These times we live in are hard. They are filled with hate and violence, and the recent events of Ferguson embody that in everyway. Regardless of racism, the death of Micheal Brown is a tragedy, most of all for Officer Wilson. Yes, there are hateful people in the world, but to take a life is a burden I do not wish to bear. For those of you who avoid the news, 18 year old Micheal Brown (black) was shot during an altercation with police officer Darrell Wilson (white). The grand Jury, after reviewing all of the evidence decided that Wilson was acting within the law. But what are we, a small church in Northern Appalachia supposed to do about something that, unfortunately is a common occurence in metropolitan areas, and in the long run will likely not affect us? The deeper problem is a matter of the heart, not the skin. Us human beings are sinful people, dead in ourselves (apart from Christ) and many living while running away from the only salvation available. The riots are not about race, they're about hate. They're about the injustice shown towards non white people by white people in uniforms, and it breaks my heart. We have been shown the greatest mercy possible, and we let the world around us continue living without it. Shame on us! I ask again, what can we do about the rioting across the nation?
First and foremost, we need to evaluate our hearts. Are we knowing deep down that this is all apart from God? If I, a sinful man feel heartbreak for those i do not know, how much more heartbreak is Abba feeling, that has no sin and loves perfectly? We must know in our hearts the compassion that Christ had for us, and in turn show it to those who need it most.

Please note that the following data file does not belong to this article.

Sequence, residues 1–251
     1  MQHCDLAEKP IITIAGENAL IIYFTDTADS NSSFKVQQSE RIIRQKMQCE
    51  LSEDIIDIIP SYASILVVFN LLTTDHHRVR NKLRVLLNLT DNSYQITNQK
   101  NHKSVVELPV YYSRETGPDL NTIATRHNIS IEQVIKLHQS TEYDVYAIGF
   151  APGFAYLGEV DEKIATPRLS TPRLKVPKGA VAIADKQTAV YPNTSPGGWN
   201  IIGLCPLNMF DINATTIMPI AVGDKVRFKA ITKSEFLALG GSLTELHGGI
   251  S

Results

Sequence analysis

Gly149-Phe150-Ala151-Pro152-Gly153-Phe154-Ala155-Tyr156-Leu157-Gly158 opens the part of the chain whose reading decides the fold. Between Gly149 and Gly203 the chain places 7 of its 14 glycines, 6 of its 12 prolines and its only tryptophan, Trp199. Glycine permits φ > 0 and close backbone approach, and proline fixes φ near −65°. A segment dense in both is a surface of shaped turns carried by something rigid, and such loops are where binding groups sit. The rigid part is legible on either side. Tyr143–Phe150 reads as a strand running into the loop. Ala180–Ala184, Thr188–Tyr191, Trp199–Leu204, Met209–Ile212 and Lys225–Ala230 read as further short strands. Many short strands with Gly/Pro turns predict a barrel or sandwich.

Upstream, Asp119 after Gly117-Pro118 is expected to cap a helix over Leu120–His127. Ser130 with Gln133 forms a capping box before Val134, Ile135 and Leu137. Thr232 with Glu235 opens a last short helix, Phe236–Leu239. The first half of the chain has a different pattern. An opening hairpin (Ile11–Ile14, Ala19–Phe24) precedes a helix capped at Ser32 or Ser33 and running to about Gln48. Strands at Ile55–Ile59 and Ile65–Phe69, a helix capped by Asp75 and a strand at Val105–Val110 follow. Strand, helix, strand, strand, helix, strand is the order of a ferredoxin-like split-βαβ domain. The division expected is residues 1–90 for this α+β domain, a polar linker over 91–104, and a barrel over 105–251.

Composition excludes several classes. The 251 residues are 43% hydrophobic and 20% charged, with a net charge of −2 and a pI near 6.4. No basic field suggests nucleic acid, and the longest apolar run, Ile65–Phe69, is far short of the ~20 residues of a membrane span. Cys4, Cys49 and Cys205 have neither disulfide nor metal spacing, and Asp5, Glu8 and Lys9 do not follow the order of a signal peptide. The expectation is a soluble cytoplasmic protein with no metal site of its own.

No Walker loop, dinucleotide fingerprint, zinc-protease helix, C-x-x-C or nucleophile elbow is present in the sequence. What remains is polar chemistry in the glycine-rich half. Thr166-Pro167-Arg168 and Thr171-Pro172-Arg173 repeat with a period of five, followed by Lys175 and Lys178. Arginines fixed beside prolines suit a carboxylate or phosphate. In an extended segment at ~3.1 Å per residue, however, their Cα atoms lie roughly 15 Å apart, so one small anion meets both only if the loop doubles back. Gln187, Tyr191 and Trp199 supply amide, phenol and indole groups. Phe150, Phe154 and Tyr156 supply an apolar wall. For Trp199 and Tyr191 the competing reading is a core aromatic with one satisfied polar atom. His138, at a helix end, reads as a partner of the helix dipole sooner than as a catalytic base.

Secondly: We have to tell the world about how our Holy Father sees these events. He is in agony over the hate towards each other and wants nothing more than his people (THATS US) to go tell them he feels this way. We, as Christians in Gallia County need to go out into our own communities and tell them about how King Jesus feels about this. We have been given a wonderful, universal platform to witness with! Everyone is talking about these events. Therefore you have been given many opportunities to tell about our Savior! What have we to lose? An argument? Whoopty doo. That is minimal risk compared to telling someone that Christ is the most loving and perfect being in the universe and he specifically saved each and every one of us from an eternity is hell.
Lastly, i would advise all of our churches to come together, to hold meetings of prayer, lifting up His church so that the holy spirit will guide us in these times and the times to come. These are not the only bad events to occur, and there will be more to come i am sure. But let us be vigilant with our prayer. Pray together, as churches and as God's Church for the hurt people of Ferguson and all of the people across the globe that Christ loves so much.
Mark 5:1-20 show us this, that Christ has done a good work in our lives and we should go tell about his work for us.
Good news is here! Washington Elementary School in Gallipolis has donated 4 large car loads (one pictured below) to Grace United Methodist Church to be redistributed in a Food Pantry to those needy. GUMC has been experiencing a large amount of success with the food pantry, reaching out to over 100 different families every month. When supplies went low God answered our prayers with the generosity of the youth in our community. God Bless Washington Elementary for their kindness to those who are hungry! Pictured below is one class that helped donate so much food!